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CEO: no longer a job for life

83 per cent of businesses plan to replace their leader over the next five years
By Kevin Young, Managing Director, SkillSoft EMEA

Who’d be a CEO in financial services today, wrestling with challenges such as damaged brand reputation, loss of customer trust, political scrutiny, an uncertain and volatile economic landscape, the impact of new and disruptive technologies and a full complement of demanding shareholders and Board Directors? Kevin Young

The top job is a tough job. The list of skills, expertise and insight required to be a successful CEO is growing. For example, no CEO of a major financial concern can now afford to be without polished media skills, something that would have been unheard of a decade or so ago. The requirement for specific subject or sectoral expertise is being overtaken by the need to be a strong and inspirational leader, who can drive performance, motivate teams and engage customers. In a highly competitive economic climate, Boards and shareholders are becoming increasingly ruthless about replacing CEOs who fail to achieve such targets. At the same time, some senior executives are simply choosing to walk away from the high levels of stress and public pressure that now invariably come with the top job.

Set against this landscape, we were not surprised when our recent study of CEOs revealed that a staggering 83 per cent of respondents expect to be replaced within five years, and admitted succession plans were already in place for their departure. A third of them (34 per cent) expect to be gone within three years or less.

The research suggested that the larger the firm, the more fragile the top spot: seven per cent of CEOs at enterprises with more than 1,000 employees expect to be succeeded within the next twelve months, compared to just two per cent of firms with fewer than 500 employees. With so many financial services organisations falling into the enterprise category, it is no surprise that the CEO ‘revolving door’ effect is particularly visible in this sector.

Take, for instance, the tale of two major international banks, each caught up in different ways in the European financial turmoil of the last few years.  One of the banks lost its CEO to the other one.  The new bank was delighted to secure this strategic external appointment, only to be faced with the CEO’s unexpected, if temporary, absence on sick leave a mere six months later.  The bank was widely reported as finding itself ‘rudderless’ in in the wake of his departure.  Meanwhile, the first bank had moved rapidly to fill the leadership vacancy with the internal appointment of an executive who had been with the business since 1988.

Both internal and external appointments have much to recommend them.  Bringing in an outsider, particularly one with existing experience as a CEO can bring fresh perspective, insight, expertise and energy into a firm.   Turning to a trusted insider can ensure consistency and commitment and a safe passage through turbulent waters.  Different solutions work for different firms; but one thing is clear: for either of these options to succeed in the long term, for both the individual concerned and their organisation, there must be a strong focus on skills.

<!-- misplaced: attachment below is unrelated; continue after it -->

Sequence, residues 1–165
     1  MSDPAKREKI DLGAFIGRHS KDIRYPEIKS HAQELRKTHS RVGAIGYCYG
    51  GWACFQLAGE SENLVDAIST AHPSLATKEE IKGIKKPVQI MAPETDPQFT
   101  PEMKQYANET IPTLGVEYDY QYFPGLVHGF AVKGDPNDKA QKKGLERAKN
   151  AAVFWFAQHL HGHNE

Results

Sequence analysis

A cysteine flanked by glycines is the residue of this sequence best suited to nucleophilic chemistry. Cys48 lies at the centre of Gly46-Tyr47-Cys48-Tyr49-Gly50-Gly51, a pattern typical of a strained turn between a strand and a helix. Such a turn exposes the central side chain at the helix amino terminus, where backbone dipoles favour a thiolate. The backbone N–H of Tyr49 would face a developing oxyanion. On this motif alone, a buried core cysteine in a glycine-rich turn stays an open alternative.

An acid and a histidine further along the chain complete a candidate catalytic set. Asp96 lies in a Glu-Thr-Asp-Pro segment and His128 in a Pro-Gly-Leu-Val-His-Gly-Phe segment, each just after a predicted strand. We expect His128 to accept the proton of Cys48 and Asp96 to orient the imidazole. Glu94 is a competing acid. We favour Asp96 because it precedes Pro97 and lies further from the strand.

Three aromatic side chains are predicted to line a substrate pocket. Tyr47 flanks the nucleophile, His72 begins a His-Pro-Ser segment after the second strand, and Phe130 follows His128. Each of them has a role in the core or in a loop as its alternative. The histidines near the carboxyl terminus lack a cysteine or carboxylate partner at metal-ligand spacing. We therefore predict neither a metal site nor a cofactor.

Skills are often thought of as something for more junior employees. IT, presentation, project and time management skills are courses we’ve probably all attended at some stage in our career.  But skills development for senior executives is equally vital, if not more so, although far less easy to pigeon hole into a two-day workshop with checklists, slides and hand-outs.

What are the skills needs of this rather exclusive group of highly intelligent, talented and driven individuals? Our experience in delivering blended and e-learning solutions to global enterprises and governments, among others, suggests these needs include ‘softer’ communications and interpersonal skills as well as management and leadership skills.

In a world where perception is reality and change is the only constant, companies need to prepare for the unexpected.  Individual CEOs need to ensure they have the skills to manage and lead a business while the world looks on; while companies need to have robust professional development programmes in place to ensure a strong pipeline of talent is available should a crisis occur at the top.

A recent study  found that a fifth of UK firms that had suffered an unexpected change of leadership over the last twelve months had seen business growth slow or even stall due to a lack of direction; and a third said it had damaged morale. In the example quoted above, the sudden absence of the new CEO and the perceived leadership vacuum left behind resulted in almost £1billion being wiped off the bank’s market value.  Companies can simply not afford to let this happen.

A strong roof is not enough to hold a house together; it needs to be supported by strong pillars and walls – and underpinned by a strong foundation.  Succession planning is nothing without a focus on skills.